Even cut free from its roots, Chekhov’s Cherry Orchard carries with it, as freight, the tragedy overhanging its author’s life. Chekhov’s tuberculosis progressed with such exquisite slowness that it resembles a metaphor of itself, a dim, gloomy background that – first intermittently, then increasingly – intruded onto Chekhov’s determinedly cheerful foreground.
By the time of The Cherry Orchard‘s composition, Chekhov’s illness had become so severe that even writing four lines a day gave him “intolerable pain,” he confided to his wife. And yet, even as pain advanced, death remained offstage, inconceivable, intangible to the point that Chekhov, mere months before he succumbed, raised the possibility that he might go to the front of the Russo-Japanese War and serve as a doctor.
Years earlier, Chekhov had remarked on this wondrous remoteness of death. In 1888, he’d spent the summer in a cottage on the Lintvaryov family’s estate. One of the Lintvaryov’s daughters, a doctor, was then dying of a brain tumor. Chekhov wrote:
“What seems strange to me is not that she is about to die, but that we do not feel our own death and write [stories] as though we would never die.”
During the action of The Cherry Orchard, the characters hear the strange, sad sound of a bucket falling down a mine shaft, which is typically interpreted, as “pronouncing the new industrial order that will ruin the feckless family,” in the words of biographer V.S. Pritchett.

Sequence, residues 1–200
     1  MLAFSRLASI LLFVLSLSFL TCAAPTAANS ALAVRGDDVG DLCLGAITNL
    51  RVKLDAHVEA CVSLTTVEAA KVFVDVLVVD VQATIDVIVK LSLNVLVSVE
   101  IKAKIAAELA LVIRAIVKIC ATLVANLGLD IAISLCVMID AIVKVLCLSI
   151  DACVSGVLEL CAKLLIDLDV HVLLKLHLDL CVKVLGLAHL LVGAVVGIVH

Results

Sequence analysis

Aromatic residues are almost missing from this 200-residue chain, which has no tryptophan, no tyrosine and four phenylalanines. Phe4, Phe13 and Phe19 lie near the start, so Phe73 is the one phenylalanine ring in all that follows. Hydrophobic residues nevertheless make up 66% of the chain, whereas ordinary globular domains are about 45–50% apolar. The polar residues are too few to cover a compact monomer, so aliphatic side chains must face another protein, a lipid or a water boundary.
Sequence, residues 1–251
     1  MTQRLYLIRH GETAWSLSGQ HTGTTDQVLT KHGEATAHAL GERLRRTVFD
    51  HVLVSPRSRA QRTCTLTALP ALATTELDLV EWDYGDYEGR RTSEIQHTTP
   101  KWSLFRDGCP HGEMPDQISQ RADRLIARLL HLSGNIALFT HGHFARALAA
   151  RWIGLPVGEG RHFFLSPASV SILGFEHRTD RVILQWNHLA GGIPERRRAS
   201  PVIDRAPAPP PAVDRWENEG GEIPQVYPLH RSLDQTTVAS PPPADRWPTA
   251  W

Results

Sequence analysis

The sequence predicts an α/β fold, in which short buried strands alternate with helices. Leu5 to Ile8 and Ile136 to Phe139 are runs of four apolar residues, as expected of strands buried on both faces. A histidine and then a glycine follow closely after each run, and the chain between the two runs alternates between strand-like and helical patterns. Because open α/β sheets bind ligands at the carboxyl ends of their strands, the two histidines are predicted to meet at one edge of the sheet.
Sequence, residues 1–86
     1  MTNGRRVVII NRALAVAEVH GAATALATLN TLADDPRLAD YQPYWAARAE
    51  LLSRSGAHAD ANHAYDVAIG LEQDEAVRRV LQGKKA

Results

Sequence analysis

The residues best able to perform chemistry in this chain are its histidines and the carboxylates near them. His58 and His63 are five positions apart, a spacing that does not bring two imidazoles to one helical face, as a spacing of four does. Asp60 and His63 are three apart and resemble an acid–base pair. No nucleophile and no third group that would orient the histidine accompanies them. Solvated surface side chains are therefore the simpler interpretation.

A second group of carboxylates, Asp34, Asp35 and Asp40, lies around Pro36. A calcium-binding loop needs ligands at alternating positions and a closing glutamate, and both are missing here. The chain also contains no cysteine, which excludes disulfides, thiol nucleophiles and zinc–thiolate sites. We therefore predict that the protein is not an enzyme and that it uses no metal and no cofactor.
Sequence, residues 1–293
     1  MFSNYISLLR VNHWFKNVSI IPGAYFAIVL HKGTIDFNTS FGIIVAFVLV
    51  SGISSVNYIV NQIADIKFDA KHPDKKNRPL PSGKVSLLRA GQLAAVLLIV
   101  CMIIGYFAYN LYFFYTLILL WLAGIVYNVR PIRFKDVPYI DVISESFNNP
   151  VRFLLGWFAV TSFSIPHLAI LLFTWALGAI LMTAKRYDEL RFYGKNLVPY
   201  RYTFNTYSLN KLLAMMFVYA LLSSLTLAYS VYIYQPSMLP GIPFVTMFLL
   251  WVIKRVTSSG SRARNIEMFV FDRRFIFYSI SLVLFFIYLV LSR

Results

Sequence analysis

And yet, this bird-like cry, receding just as quickly as it ascends, also evokes unexpected awareness of mortality, that sense of emerging, sometimes without clear cause, from the blissfully unconscious stream of life and breathing in the cold certainty of its end. The foreknowledge of our own, inevitable passing away haunts us all, but it also slips by us, first because we can no more hold it in our minds than we can capture the air in our hands, and also because it manifests itself at precisely that instant when we are most powerless to mindfully receive it.
In the same way, Madame Ranyévskaya and her family are aware of the threat to their beloved cherry orchard but can do nothing to save it; all they can do is pass the time acting out their universal shadow play of joy and pain.
Image: Anton Chekhov in 1887, 1898 and 1904.